# Kruskal-Wallis test

## Kruskal-Wallis test

The Kruskal-Wallis test is a generalized U-test for more than two groups. It tests H0 that data from k populations are not different.

## Requirements:

Data must be ordinal (rank-order) scaled. Distribution is free

## Idea:

The test works like the Mann-Whintey U-test. The data from all groups are brought together in one rank order. For each group the sum of ranks Ti and mean rank is then computed. Whereas the total sum of ranks is: with

k = number of groups

N = Total Number of measurements

The test value H is computed as follows: whereas

ni = sample size of group i

H is Chi-Square distributed with k-1 degrees of freedom

If there are tied ranks H is corrected as follows: whereas

ti = Number of subjects sharing rank i

p = number of tied ranks

and ## Post-hoc analysis

If the Kruskal-Wallis test is significant one probably wants to know which of the groups are different. BrightStat offers two different methods for post-hoc analysis:

The critical difference of the mean ranks after Conover (1971, 1980, 1999): whereas = critical difference of mean ranks of group i and j = critical t-value with N-k degrees of freedom

ni = sample size of group i

nj = sample size of group j

The critical difference of the mean ranks after Schaich and Hamerle (1984): whereas = critical difference of mean ranks of group i and j = critical Chi-Square-value with k-1 degrees of freedom

ni = sample size of group i

nj = sample size of group j

The method after Schaich and Hamerle is exact but lacks a bit of power, whereas the method of Conover is approximative and more liberal.

## Example of a Kruskal-Wallis test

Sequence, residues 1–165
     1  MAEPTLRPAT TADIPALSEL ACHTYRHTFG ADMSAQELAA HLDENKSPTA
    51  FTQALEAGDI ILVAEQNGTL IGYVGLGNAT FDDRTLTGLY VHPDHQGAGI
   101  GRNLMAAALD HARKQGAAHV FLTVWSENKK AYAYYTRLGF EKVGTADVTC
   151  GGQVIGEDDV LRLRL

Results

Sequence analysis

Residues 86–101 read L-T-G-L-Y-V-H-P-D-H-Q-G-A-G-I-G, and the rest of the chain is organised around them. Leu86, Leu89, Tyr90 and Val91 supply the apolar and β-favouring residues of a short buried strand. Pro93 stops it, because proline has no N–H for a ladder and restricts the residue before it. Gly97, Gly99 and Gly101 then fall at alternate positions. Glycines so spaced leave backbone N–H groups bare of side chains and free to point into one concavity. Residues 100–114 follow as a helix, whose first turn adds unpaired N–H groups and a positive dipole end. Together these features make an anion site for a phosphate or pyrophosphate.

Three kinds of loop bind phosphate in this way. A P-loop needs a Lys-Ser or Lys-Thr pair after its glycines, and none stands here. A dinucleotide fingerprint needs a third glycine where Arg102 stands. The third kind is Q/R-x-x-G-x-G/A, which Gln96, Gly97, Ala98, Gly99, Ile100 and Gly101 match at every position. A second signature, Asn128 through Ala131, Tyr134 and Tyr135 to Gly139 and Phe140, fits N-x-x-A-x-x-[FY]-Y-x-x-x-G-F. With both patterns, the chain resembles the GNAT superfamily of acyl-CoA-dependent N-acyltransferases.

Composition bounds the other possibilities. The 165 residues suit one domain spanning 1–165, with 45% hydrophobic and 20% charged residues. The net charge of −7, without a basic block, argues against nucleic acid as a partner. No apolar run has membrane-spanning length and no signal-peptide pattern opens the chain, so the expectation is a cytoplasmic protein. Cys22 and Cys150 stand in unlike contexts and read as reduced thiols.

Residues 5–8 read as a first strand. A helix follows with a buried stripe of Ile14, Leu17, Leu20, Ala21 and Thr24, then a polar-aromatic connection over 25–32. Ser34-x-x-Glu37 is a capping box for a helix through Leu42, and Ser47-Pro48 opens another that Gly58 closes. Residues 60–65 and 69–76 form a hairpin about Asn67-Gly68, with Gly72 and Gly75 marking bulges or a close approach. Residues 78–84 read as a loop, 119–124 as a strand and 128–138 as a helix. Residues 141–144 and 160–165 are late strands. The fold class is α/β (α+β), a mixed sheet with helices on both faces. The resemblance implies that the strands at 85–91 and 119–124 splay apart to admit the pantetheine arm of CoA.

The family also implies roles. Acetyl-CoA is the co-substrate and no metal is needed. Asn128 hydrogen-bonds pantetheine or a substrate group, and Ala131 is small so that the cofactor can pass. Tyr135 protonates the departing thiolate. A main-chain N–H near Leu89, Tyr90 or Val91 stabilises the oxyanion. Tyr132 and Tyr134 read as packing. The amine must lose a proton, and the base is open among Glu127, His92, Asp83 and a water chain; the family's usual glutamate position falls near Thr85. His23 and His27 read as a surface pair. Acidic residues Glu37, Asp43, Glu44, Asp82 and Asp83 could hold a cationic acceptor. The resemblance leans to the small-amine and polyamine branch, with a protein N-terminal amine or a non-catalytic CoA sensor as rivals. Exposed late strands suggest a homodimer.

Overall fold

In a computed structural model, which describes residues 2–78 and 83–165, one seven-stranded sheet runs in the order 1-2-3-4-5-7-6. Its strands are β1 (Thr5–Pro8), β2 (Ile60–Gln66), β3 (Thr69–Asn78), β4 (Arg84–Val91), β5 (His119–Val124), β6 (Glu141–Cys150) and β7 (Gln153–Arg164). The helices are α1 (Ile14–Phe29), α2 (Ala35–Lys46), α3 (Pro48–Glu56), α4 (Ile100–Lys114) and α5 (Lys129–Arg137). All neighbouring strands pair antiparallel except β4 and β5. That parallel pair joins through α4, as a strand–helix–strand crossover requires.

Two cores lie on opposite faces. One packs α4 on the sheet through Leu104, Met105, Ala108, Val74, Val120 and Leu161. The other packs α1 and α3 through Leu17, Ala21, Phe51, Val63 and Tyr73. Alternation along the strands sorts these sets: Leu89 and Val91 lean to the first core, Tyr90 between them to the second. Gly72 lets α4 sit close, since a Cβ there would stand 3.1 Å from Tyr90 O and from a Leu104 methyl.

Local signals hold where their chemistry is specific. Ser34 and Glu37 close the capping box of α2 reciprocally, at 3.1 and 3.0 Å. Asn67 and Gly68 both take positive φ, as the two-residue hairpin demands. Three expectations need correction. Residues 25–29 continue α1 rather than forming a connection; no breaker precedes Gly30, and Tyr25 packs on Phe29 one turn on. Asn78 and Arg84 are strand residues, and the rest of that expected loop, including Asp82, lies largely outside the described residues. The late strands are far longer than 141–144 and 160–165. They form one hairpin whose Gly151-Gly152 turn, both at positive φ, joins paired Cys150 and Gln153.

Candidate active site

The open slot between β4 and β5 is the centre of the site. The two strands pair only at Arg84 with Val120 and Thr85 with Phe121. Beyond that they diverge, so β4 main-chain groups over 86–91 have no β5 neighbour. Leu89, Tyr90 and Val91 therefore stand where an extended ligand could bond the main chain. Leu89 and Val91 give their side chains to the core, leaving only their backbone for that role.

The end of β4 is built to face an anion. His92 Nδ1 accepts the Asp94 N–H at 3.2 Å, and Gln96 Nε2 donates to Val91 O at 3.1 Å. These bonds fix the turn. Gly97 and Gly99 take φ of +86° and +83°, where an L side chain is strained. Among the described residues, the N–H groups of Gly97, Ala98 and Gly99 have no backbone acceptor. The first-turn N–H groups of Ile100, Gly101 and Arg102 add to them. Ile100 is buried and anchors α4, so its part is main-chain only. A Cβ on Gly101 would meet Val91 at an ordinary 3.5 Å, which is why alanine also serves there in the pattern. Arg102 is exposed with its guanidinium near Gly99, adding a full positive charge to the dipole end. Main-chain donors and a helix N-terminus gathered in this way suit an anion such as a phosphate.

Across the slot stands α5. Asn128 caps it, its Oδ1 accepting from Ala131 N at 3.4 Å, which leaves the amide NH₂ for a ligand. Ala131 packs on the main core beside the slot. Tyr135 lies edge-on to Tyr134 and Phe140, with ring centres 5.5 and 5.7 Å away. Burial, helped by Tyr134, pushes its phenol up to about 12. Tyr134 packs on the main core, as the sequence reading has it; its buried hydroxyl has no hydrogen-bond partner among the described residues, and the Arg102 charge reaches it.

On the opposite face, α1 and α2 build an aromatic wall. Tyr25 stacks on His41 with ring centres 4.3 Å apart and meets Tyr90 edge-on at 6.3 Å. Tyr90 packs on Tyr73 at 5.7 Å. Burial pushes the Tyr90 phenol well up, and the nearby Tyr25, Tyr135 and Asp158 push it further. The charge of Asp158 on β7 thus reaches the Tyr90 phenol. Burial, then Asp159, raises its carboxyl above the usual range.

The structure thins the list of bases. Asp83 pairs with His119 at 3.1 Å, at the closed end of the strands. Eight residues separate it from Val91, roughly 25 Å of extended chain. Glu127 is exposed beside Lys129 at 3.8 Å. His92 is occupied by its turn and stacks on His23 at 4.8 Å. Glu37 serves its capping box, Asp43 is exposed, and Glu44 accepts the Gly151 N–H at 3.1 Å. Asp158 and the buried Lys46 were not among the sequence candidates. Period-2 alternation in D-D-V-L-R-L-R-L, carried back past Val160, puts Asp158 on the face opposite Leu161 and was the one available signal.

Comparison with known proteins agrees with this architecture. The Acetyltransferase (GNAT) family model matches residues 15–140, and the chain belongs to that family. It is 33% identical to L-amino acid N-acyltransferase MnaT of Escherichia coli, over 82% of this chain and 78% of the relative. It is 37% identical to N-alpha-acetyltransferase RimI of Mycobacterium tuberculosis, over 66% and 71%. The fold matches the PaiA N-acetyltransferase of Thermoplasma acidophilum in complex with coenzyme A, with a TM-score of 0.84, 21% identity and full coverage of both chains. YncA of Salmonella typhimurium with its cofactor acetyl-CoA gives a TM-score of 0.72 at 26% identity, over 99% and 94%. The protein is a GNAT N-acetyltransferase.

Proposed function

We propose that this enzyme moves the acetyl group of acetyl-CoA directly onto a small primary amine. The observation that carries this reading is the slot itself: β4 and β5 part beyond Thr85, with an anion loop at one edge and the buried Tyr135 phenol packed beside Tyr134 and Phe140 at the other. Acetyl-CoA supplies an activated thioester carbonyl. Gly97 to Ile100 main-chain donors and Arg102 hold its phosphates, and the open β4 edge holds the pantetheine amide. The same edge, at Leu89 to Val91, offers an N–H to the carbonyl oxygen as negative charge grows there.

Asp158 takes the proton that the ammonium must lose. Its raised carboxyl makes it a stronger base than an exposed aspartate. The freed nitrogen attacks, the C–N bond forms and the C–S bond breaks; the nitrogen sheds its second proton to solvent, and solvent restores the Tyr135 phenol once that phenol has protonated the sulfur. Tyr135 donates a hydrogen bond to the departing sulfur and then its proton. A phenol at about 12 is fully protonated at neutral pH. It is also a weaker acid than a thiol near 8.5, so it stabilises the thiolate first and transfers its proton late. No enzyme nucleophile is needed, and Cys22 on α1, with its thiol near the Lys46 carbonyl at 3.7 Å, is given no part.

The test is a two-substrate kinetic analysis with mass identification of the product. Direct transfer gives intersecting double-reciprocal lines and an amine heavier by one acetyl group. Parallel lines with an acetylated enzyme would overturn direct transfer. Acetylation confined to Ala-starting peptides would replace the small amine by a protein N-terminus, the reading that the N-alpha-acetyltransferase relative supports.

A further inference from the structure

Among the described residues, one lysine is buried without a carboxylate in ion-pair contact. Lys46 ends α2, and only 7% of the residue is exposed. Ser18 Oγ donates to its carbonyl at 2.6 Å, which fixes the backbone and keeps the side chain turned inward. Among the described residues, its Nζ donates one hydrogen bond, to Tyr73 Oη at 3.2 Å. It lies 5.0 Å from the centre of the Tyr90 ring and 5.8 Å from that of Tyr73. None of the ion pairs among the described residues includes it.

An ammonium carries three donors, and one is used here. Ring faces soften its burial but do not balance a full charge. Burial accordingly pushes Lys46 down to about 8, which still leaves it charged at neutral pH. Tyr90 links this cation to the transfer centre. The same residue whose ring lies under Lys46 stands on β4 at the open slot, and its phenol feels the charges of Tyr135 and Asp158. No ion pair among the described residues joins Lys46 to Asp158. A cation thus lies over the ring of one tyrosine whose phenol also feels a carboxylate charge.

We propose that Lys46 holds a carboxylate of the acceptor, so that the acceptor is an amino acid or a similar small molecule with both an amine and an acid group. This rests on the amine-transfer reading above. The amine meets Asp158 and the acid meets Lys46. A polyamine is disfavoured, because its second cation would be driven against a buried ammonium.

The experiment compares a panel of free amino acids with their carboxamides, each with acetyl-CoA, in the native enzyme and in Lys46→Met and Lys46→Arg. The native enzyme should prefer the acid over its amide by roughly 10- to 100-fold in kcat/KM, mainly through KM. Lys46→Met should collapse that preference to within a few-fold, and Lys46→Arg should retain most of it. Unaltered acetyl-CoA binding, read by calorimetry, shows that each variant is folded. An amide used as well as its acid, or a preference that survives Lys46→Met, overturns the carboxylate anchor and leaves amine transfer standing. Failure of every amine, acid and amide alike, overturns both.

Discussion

A meteorologist has measured the amount of rain in four cities for six months. She wants to know if there are different amounts of rain in the four cities. The following table shows the raw data:

 Cities 1 RANK 2 RANK 68 8 119 22 93 16 116 21 123 24 101 17 83 14 103 18 108 19 113 20 122 23 84 15 SUM 104 113 MEAN 17.33 18.83

 Cities 3 RANK 4 RANK 70 10.5 61 5 68 8 54 1.5 54 1.5 59 3.5 73 12 67 6 81 13 59 3.5 68 8 70 10.5 SUM 53 30 MEAN 8.83 5

H is then computed as follows:   Because there are tied ranks H is corrected  the corrected H’ is then The critical 5% Chi-Square with 3 degrees of freedom is 7.81

The observed test-value is greater than the critical Chi-Square, so there must be some differences in the amount of rain between the four cities.

We might be interested in the critical difference of the mean ranks so we can check which cities are different from each other. Because each group has 6 measurements we get one critical difference for all comparisons:

After Conover we get  and after Schaich and Hamerle we get  we can now compare the differences of the group mean ranks with the two critical differences:

 CITY_1 CITY_2 CITY_3 CITY_2 -1.5 - - CITY_3 8.5 * 10 * - CITY_4 12.33 * ° 13.83 * ° 3.83

* significant difference after Conover

° significant difference after Schaich and Hamerle

BrightStat output of Kruskal-Wallis test example

This is a fictitious example.

## References

Bortz, J. (2005). Statistik für Human- und Sozialwissenschaftler (6th Edition). Heidelberg: Springer Medizin Verlag.

Conover, W.J. (1999). Practical nonparametric Statistics.(3rd edition). Wiley.

Kruskal, W.H. & Wallis, W.A. (1952). Use of ranks in one-criterion variance analysis. Journal of the American Statistical Association, 47 (260), 583 – 621.

Schaich, H.E. & Hamerle, A. (1984). Verteilungsfreie statistische Prüfverfahren, Berlin.

## Gallery

### PayPal Donation ### Donate IOTA